U.S. Government Settles $492 Million Lawsuit With Native American Tribes
The U.S. Government has will pay 17 Native American tribes $492 million after a legal settlement, according to NPR. The payment is meant to make amends for the mismanaging natural of resources and other tribal assets.
The settlement is meant to serve as a compromise between the tribes and the federal government, especially after President Obama promised to restore relations with the Native American community on the campaign trail.
“Few have been ignored by Washington as long as Native Americans, the first Americans. Too often, Washington has paid lip-service to working with tribes,” Obama said in a May 2008 speech.
According to a press release, the settlement resolved over 100 claims that were previously in court and totaled in more than $3.3 billion. Some of these claims against the government went back further than a century.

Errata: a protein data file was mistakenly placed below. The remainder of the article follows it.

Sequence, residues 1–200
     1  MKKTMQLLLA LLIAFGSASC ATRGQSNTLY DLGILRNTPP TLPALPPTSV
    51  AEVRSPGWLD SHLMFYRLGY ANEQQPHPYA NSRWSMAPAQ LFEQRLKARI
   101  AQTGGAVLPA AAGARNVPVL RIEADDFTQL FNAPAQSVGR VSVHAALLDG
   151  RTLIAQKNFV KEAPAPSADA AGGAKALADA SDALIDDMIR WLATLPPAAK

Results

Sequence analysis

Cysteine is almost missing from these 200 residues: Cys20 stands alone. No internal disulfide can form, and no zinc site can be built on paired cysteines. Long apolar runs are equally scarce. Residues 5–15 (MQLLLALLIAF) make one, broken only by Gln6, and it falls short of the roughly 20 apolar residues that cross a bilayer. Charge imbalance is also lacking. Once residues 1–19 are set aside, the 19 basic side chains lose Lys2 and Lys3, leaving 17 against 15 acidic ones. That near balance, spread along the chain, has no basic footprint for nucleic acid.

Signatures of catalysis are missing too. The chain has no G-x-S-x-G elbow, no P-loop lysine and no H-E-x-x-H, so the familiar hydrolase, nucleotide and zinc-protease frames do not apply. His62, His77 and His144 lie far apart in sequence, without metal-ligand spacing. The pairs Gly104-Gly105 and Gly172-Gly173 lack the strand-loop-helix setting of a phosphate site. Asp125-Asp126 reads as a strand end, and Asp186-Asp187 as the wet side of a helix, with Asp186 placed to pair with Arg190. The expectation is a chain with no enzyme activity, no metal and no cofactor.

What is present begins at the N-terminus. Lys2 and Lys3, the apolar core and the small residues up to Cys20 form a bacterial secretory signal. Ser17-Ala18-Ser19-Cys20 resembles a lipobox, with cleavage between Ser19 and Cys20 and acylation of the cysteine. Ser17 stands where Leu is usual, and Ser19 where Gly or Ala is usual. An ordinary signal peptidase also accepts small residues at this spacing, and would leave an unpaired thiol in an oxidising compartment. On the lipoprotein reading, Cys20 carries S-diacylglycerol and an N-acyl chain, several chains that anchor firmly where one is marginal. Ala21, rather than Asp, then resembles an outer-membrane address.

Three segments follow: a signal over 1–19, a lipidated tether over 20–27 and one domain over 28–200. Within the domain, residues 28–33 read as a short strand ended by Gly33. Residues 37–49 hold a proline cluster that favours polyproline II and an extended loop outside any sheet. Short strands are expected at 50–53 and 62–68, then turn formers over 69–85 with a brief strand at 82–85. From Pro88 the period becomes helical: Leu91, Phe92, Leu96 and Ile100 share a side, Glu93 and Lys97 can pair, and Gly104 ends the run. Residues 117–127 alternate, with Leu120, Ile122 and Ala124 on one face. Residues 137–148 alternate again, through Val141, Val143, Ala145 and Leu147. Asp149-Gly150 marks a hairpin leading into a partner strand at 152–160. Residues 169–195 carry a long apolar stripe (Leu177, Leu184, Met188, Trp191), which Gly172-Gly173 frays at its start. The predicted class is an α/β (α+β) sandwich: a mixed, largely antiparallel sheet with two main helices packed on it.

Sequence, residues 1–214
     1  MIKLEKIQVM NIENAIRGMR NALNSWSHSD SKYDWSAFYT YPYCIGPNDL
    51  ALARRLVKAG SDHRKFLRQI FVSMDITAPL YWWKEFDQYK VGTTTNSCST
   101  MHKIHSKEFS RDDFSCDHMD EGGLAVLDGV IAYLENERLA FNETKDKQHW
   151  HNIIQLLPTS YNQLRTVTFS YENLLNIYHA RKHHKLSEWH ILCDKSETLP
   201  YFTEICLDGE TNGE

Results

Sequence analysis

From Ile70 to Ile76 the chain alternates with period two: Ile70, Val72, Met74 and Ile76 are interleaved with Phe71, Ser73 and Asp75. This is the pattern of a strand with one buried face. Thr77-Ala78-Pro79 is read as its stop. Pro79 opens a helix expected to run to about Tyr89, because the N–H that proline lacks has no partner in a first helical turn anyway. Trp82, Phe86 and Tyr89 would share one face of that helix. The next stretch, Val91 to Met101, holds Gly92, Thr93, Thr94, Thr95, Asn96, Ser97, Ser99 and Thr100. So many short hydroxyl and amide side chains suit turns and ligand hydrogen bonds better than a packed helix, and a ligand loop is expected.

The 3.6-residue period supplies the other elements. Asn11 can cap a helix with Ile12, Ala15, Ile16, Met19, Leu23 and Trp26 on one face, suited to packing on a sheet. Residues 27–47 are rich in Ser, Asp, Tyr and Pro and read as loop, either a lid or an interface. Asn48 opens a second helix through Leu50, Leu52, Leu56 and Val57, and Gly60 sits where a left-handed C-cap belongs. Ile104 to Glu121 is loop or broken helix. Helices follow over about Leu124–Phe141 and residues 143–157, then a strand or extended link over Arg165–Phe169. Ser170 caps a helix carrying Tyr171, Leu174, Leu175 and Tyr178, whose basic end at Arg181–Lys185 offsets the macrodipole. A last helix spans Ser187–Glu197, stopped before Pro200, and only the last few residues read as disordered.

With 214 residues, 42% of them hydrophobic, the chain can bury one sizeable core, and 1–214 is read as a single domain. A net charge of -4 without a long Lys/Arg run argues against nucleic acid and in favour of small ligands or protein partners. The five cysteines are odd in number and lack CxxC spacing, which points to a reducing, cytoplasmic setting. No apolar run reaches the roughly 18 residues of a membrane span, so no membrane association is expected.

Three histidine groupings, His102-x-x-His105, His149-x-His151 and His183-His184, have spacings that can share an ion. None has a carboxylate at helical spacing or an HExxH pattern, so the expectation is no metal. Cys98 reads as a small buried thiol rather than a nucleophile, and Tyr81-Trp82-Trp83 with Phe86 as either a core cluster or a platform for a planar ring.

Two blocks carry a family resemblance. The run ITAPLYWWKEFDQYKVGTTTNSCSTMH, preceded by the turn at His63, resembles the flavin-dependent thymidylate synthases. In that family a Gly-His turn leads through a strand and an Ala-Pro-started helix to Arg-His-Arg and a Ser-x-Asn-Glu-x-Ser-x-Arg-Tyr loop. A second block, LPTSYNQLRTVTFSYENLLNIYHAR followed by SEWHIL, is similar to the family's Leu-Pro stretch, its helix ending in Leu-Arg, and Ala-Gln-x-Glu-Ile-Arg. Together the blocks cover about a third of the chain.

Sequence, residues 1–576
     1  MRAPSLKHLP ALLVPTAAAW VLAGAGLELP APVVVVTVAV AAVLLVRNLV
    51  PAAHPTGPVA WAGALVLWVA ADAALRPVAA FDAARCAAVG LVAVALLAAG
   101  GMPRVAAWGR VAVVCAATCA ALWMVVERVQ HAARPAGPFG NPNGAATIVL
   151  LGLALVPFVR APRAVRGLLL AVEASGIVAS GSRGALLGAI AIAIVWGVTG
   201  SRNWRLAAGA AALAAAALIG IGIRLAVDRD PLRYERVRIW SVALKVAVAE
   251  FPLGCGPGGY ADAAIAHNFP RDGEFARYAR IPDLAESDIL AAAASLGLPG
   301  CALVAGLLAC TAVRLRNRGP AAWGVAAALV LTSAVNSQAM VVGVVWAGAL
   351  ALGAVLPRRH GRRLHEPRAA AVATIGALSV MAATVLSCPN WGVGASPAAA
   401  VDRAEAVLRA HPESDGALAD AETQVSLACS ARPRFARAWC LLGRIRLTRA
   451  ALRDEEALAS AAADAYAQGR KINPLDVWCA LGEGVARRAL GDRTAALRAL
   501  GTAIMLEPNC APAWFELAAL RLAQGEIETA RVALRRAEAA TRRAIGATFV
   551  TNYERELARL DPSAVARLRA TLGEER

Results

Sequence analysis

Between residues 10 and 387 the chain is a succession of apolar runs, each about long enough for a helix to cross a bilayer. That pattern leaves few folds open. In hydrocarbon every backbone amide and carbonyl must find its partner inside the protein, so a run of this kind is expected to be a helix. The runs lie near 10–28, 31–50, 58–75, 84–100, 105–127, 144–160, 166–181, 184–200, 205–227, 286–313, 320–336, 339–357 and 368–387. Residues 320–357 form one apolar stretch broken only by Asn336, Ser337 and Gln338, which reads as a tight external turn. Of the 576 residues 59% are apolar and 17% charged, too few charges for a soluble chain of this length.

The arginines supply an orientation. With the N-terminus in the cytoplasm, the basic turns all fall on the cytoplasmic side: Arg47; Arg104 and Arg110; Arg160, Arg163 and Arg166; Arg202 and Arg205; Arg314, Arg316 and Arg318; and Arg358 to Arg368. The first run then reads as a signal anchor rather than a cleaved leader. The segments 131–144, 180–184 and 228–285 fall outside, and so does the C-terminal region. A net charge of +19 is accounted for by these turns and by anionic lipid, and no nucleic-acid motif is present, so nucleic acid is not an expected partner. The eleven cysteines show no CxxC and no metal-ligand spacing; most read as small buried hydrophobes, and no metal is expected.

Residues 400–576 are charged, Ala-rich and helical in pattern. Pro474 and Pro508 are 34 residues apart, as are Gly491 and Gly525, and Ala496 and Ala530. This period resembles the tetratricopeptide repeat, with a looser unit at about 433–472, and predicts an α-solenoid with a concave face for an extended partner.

“Settling these long-standing disputes reflects the Obama Administration’s continued commitment to reconciliation and empowerment for Indian Country,” said Secretary of the Interior Sally Jewel.
Essentially, Native tribes were owed money after selling land to the U.S. government in a series of treaties, some of which go back to the 1800s.
“The U.S. government would say it held the assets in trusts benevolently, for the protection of Indian lands and money,” said Melody McCoy, a staff attorney with the Native American Rights Fund. “The flip side of that is that in exchange, the government was supposed to be a good trustee, and it wasn’t. Land was not managed well. Money and resources were not managed well.”